- Modern Classics: This app features so-called "modern classics", i.e. drinks invented in the 21st Century for the most part that seem destined to stick around after everyone forgets who invented them. This app only has 99 entries as of this writing, so it takes a ding on the value scale.
- Martin's Cocktails: This is the biggest database of the bunch, with over 2100 recipes, mostly from the pre- and early post-Prohibition eras. It also is the database that is most often updated, I think. The comprehensive nature of the collection does lead to a problem or two. It is hard to find what you want, even with all the engine's awesome filtering capabilities. The recipe quality is decidedly uneven, unlike the other apps. But it is one hell of a resource.
- Wondrich's Index of Punch: Also a small catalog, with less than 70 entries, but with punches, I think this is less of a concern. The search by available ingredients is very important when considering a punch, and for the experienced drink mixer, you are seldom going to follow a recipe slavishly anyway. The Punch app has saved my butt when I found myself with an unanticipatedly large crowd of thirsty guests.
- PDT: This collection of over 400 recipes is a continuously updated listing of every drink, house-devised or classic, that has ever been on the menu at PDT in New York. I have a confession to make. I was underwhelmed when I visited PDT. And I am underwhelmed with the content here. Simply put, the recipes are too esoteric, and too difficult to execute for my taste. But if you want to test your mixing skills, or show them off, the PDT collection is ideal.
- 101 Best New Cocktails: Cocktail Godfather Gaz Regan has maintained a rolling list of the 101 best new drinks on the scene since 2011. This app has all of the nearly 400 recipes that have been on the list at some point in time. While all the recipes are available on line, the collection here is accessed through the wonderful engine of MixologyTech. A lot of these recipes suffer from the problems of the PDT collection, in that they are hard to make, difficult to source, and/or weirdly specific in the kind of taste to which they will appeal. But they come from a vastly wider array of inventors, so if one or another is not to your taste, many others likely will be.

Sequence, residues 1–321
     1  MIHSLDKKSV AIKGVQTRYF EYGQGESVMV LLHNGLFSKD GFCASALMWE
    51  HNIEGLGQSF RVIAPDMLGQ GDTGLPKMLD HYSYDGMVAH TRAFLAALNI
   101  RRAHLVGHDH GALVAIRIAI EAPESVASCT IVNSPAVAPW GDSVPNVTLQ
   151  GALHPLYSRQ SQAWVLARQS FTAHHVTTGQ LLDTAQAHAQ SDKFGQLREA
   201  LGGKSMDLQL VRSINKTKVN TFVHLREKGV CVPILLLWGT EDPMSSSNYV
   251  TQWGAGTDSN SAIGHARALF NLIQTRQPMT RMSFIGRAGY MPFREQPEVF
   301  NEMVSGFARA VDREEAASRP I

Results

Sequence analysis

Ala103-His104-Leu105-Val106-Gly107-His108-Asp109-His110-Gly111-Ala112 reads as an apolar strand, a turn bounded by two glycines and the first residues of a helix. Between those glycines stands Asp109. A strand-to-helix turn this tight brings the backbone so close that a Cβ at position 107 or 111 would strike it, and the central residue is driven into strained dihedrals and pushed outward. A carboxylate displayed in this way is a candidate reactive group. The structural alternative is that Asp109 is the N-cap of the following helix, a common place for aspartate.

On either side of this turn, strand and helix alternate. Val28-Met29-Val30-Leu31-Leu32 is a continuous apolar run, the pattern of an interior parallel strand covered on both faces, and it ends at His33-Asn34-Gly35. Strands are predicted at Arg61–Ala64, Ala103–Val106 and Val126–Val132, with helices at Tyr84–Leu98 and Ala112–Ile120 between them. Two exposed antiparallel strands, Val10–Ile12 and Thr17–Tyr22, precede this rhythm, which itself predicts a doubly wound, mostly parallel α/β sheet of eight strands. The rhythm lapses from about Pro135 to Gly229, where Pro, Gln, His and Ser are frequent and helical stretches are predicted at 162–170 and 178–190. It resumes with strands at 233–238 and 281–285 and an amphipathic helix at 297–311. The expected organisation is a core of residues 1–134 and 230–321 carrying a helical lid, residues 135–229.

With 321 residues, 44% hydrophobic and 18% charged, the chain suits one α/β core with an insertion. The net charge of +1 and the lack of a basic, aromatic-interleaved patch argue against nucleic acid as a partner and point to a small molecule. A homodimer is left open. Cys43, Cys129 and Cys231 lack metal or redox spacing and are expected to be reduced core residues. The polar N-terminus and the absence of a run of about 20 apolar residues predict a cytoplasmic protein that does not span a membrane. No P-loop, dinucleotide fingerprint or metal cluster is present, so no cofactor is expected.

I want to review today that new bar that recently opened nearby. It is actually a restaurant, but the main architectural feature is the bar, which dominates the wall. The food is really quite good, though a little weird in some parts of the menu. But as this is a cocktail blog, I'll concentrate on the drinks, which are what make this place part of a newer phenomenon anyway. A tremendous amount of thought and skill went into the physical design of the bar. The long, sweeping extent of the bartop, with its natural surfaced top, sends the message, "this is a place for serious drinks of substance." The seating is also striking and unusual, but I think they spent a bit too much time and money on the unique legacy look, and not quite enough on the comfortable place to park my butt functionality. About half the stools wobble a little bit. When a cocktail lover like myself sits down, the huge wall of the back bar shows so much promise it can't help but bring a smile of anticipation to the face. There are tons of bottles back there, but no rows of identical flavored vodkas. There is no prominent display of any major, commercial brands, actually. They are all there, even the vodkas, but the bottles filling the featured spaces are a varied collection of the kind of product that is the hallmark of modern craft cocktails. Bottles from micro-distilleries, especially the local ones, are front and center, surrounded by an exotic imported gin, an Irish whiskey you don't often see, and a bottle or two of Whistle Pig I think, or maybe it was some good Templeton. I'm not sure, but they have some good rye. The rum selection is a little meager, but hey... There are a number of the more useful liqueurs, all topped off by the real clinchers of modern cocktail insiderdom, a bottle of Fernet, another amaro or two, and a full bottle of Creme de Violette. In the bartender's workstation near your seat, you see a selection of bitters. Most of them are Fee's though. I like Joe Fee a lot, and many of his products are extremely useful, but I do get a little sad when I see a bitters tray that is filled with a lone bottle of Ango and a bunch of Joe's kids. Whatever, the menu is very promising. A single sheet, the back side is all beverages. The front is a fairly mouth-watering array of that slightly weird food I mentioned above. (Even if you are only there for a drink or two, get the fries.) On the side that matters for this review, there are a bunch of micro-brews. Someone has gone to great lengths to ensure that each one has been carefully selected so that a guy like me will have never heard of any of them. But the hops nerd three stools down will be making excited noises, which is as much recommendation as I need if suds are your thing. The wine offerings are perfunctory. The cocktail list will reignite your anticipation. It is a nice collection of standards offered correctly (the Margarita is served up, not blended, for instance), and some appealing sounding house cocktails. Only a few of them are vodka and sweet things in a glass, the rest are made with real spirits. One of the better bartenders downtown consulted on the list from what I hear, so there is a nice, broad selection. The renewed anticipation is a problem, since it may take a bit for one of the surprisingly large number of bartenders to actually take your order. The problem isn't sloth. Everybody back behind the stick is working their butts off. But the head bartender is a grizzled vet of maybe 28 years old, and his underlings, all identically attired in jeans and black logo-bearing t-shirts, are fresh-faced and, um, fresh-fingered. When you watch them work, you can see that they each need to think about each move as they do it, work on only one drink at a time, and spend time searching each time they turn to get a bottle from that marvelous, promising back bar.... They aren't fast, is what I'm saying. The lead guy seems to know his stuff reasonably well, but he's spending most of his time taking care of the servers or answering questions from his assistants. The house originals from the menus, when they finally arrive, are quite tasty. They are not up to the finest offerings from Dead Rabbit, but they don't cost sixteen bucks, and this isn't a multimillion dollar signature bar in lower Manhattan either. But the test of a good bar is how they deliver drinks beyond the 14 menu items they make over and over again. That is the terrain that separates the craft cocktail bar from the place that has ambitious cocktails. This place has ambitions.... Try ordering an Aviation, or some other new era rediscovery. The results, after further delay to consult with the Boss on its recipe, will not excite. I don't mind a bartender consulting a recipe book or app. I do it myself on drinks I've been making for ten years. But go to the book. Don't ask over the shoulder of head bartender who is frantically trying to get orders out to the servers who are stacked up over the service bar station like FedEx jets over Memphis airport at 3AM. If he knows the answer, and if he gets it right, and if your bartender hears it correctly, it still will take forever and still be spotty in the results. I really shouldn't harp on the service speed in and of itself. I'm a Craft Cocktail™ guy. We fetishize slow service as the hallmark of hand-crafted excellence. A really good cocktail bartender takes her time making a drink because she is being exacting, and frankly because she understands what is happening in the tin or glass before her. The staff here is taking a long time because they don't. The jiggering is neither crisp nor consistent; the shake is either just long enough to combine the ingredients, or so long as to over-dilute the drink; and the stirs last until something else distracts the bartender. They don't pipette the drinks, so they don't know whether, in their distraction, they got it right. And if they did pipette the drinks, I'm not sure they have the palate developed yet to judge the results, especially for a drink they don't often make. To be clear, this staff is a bunch of good, hard-working kids. They deserve a good tip. They are friendly and genuinely want to serve you a quality drink. The problem is that they don't know if they are or not, and they don't know that they don't know. The place isn't very near the main entertainment district, so most of the clientele don't often hit any of the really good cocktail places in town, if ever. They don't know that they are getting really pretty ordinary cocktails, billing themselves as this new wave of Craft Cocktails. In fact, chances are a Manhattan they order here would be no better than, if not worse, than the one they'd get from Steve at the dive bar a few blocks over whose t-shirt has stains older than the staff here. This upsets me because for most of these customers, this is their sole experience with what is billed as Craft Cocktails. What they will get here will be OK, of course. And certainly a slight cut above what they are used to from their usual haunts. But what they are missing is the magic. And because they haven't had it anywhere else, they won't know they are missing it. They won't insist that this place keep training hard to eventually deliver it. And worst of all, won't go looking for it and reap the enriching rewards of doing so. Instead, all they will remember will be the fries. They really are good. So what's the name of this place, and where is it? Well, this is a bad review, and I don't name names in bad write-ups on this blog. It's just a policy of mine. But more to the point, this isn't a review of any specific place. It's a review of hundreds of bars all over the country. Most of them are in suburban areas, but not all. The details may differ a bit from those in this post, but not much. I guarantee that you've hit a few of these places yourself. And they piss me off. Every time I got to one for the first time, I'm first disappointed, then grumpy. I see a joint where the owners are simply chasing a trend that they just. don't. get. Worse, I see a whole bunch of customers, some portion of which might really catch the drinks bug if this place delivered, and a lot more of which would appreciate and patronize other premium bars if their experience here was a higher value. Instead, I view a place like this as almost poisoning its own micro market area. If they fail, locals will say of the next place, "They say they are doing craft cocktails? Didn't the place down the street have those? They weren't anything special. And they went OB, so I doubt this one will work either." Worse, the place might succeed. Then it will keep reinforcing the image of mediocrity in craft cocktails and make it even harder for someone else to come in and do it right.abc